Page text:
Constitutional Provision With Regard to Multilingualism in  Parliament of India

Constitution of India –

Article 120: Language to be used in Parliament –

(1)Notwithstanding anything in part XVII, but subject to the provisions of article 348, business in Parliament shall be transacted in Hindi or in English: Provided that the Chairman of the Council of States or Speaker of the House of the People, or person acting as such, as the case may be, may permit any member who cannot adequately express himself in Hindi or in English to address the House in his mother-tongue.

Simultaneous Interpretation Service of Parliament of India

Members of Indian Parliament speak different Indian languages while participating in the debates of the House on various issues. In a country like India with such huge linguistic diversity, it may not always be possible for all Members of Parliament to understand all the Indian languages in which hon’ble Members speak during the debates in both the Houses. In order to facilitate the smooth functioning of the Houses during the course of debates both the Lok Sabha and the Rajya Sabha have a team of efficient language interpreters of many Indian Languages who simultaneously interpret each running speeches of the hon’ble Prime Minister, Ministers and the Members of Parliament into English and Hindi throughout the live proceedings of the House and of various Parliamentary Committee meetings.

Simultaneous Interpretation Service available in both the Houses of Parliament provides a live interpretation of the speeches made by Members and Ministers in any Indian languages into English and Hindi throughout the live proceedings of Parliament. This Service is presently manned by many trained Language Interpreters in Hindi, English and some other Indian languages.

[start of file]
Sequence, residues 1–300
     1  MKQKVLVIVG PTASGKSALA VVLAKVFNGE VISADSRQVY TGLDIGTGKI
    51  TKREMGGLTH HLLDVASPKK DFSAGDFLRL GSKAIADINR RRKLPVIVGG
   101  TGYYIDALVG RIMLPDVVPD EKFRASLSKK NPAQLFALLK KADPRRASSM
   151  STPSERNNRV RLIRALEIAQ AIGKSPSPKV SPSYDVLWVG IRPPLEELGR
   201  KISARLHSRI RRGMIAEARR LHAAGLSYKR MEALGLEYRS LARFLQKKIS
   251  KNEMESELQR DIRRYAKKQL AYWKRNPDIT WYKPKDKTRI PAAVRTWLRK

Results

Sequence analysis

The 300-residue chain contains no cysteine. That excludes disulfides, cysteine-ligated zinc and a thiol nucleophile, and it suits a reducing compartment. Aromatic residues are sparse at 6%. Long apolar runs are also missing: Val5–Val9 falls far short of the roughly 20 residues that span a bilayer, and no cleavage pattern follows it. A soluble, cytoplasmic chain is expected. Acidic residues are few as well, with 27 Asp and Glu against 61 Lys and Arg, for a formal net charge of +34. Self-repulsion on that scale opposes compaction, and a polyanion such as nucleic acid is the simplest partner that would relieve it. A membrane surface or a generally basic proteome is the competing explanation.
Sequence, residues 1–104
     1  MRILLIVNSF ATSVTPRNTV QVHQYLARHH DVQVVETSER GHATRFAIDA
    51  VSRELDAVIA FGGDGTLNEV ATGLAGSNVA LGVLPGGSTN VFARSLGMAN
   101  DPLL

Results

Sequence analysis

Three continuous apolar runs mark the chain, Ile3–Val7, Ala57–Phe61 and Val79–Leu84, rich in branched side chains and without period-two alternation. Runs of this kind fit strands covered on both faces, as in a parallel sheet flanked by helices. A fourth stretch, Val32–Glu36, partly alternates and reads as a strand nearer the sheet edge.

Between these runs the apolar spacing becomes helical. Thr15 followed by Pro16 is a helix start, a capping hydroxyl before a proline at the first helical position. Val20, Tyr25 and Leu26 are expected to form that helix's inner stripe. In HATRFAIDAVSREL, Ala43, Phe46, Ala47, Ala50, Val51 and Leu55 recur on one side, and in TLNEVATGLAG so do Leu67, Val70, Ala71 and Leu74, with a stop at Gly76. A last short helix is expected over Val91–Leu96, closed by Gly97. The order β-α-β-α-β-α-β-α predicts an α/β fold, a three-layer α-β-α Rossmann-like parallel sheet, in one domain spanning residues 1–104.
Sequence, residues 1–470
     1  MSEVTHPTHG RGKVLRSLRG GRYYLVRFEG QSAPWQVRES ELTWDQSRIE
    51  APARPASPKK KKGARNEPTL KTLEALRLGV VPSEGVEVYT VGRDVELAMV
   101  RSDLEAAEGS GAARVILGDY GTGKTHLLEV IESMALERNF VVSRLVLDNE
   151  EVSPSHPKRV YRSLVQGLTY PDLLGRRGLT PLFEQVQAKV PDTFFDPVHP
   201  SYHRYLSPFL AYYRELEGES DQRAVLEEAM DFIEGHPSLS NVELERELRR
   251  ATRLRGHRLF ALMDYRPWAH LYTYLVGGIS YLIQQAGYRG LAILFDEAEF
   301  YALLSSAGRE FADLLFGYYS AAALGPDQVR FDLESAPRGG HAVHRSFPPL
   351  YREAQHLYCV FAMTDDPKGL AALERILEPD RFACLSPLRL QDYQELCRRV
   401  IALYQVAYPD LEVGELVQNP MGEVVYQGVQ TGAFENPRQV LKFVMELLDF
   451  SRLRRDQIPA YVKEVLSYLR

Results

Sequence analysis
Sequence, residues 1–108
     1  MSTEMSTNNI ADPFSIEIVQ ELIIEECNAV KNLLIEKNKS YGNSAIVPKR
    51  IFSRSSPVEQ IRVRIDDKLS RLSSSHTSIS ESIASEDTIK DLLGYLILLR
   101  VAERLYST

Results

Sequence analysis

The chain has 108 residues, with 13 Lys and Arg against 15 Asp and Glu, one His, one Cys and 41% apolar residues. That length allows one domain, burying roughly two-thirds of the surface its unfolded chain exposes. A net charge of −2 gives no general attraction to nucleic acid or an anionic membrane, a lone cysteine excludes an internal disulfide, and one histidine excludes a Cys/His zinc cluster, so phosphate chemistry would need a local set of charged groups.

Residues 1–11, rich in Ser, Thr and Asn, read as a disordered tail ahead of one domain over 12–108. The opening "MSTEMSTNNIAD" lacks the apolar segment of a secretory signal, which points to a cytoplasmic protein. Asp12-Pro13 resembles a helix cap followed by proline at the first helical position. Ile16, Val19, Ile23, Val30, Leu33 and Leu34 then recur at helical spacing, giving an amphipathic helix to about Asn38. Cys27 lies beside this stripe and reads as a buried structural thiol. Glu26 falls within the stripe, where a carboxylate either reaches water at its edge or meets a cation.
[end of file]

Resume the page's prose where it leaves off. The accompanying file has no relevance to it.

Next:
The initial success in Hindi/English interpretation since the inception of the Service in 1964 led to the introduction of facilities for simultaneous interpretation into Hindi and English of some other Indian languages listed in the Eighth Schedule of the Constitution. At present, in addition to providing interpretation of the entire proceedings of the Parliament from Hindi into English and vice versa, arrangements exist for simultaneous interpretation into English as well as Hindi of the speeches made in Assamese, Bengali, Gujarati, Kannada, Malayalam, Manipuri, Maithili, Marathi, Nepali, Odia, Punjabi, Sanskrit, Tamil, Telugu and Urdu languages.

Eighth Schedule of the Constitution of India—

The Eighth Schedule of the Constitution of India lists the names of the Indian languages adopted by it for the purpose of official languages of different regions of this vast country.